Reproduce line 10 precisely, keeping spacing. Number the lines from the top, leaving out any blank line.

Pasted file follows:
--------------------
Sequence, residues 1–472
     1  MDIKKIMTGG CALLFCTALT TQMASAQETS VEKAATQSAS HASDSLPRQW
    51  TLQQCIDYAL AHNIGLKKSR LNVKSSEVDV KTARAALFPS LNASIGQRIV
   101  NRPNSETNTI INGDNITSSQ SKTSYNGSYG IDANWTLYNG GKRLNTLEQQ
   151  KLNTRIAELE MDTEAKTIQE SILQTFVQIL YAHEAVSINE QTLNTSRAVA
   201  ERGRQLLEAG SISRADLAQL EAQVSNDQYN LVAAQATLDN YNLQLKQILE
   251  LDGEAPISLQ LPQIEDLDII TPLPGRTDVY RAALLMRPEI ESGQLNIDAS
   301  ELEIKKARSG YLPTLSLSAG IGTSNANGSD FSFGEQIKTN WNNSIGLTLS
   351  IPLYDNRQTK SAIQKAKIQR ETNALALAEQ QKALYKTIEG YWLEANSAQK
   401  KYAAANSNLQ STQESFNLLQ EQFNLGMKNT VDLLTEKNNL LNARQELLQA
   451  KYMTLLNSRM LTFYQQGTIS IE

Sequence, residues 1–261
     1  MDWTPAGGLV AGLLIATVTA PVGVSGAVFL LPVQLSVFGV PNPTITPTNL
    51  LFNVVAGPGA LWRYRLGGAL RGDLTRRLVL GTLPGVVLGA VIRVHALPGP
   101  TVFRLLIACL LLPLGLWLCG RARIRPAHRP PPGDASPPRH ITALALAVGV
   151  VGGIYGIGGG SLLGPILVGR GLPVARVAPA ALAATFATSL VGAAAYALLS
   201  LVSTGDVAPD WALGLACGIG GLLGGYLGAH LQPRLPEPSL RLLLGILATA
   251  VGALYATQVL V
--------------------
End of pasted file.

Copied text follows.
   401  KYAAANSNLQ STQESFNLLQ EQFNLGMKNT VDLLTEKNNL LNARQELLQA